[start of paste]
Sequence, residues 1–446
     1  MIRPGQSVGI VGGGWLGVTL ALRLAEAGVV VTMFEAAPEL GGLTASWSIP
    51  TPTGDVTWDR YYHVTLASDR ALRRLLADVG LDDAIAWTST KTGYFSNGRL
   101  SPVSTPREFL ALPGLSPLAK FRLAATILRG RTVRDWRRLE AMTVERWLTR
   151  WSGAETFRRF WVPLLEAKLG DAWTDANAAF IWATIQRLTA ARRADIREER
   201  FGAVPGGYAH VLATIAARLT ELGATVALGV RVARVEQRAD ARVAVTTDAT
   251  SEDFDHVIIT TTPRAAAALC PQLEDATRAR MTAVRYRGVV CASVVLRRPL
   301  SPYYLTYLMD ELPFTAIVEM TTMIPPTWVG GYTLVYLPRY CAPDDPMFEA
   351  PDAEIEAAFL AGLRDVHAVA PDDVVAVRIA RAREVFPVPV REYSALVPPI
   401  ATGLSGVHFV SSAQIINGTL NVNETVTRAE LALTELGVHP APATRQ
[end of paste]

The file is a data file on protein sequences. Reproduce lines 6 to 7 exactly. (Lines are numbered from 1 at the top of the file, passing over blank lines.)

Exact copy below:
   201  FGAVPGGYAH VLATIAARLT ELGATVALGV RVARVEQRAD ARVAVTTDAT
   251  SEDFDHVIIT TTPRAAAALC PQLEDATRAR MTAVRYRGVV CASVVLRRPL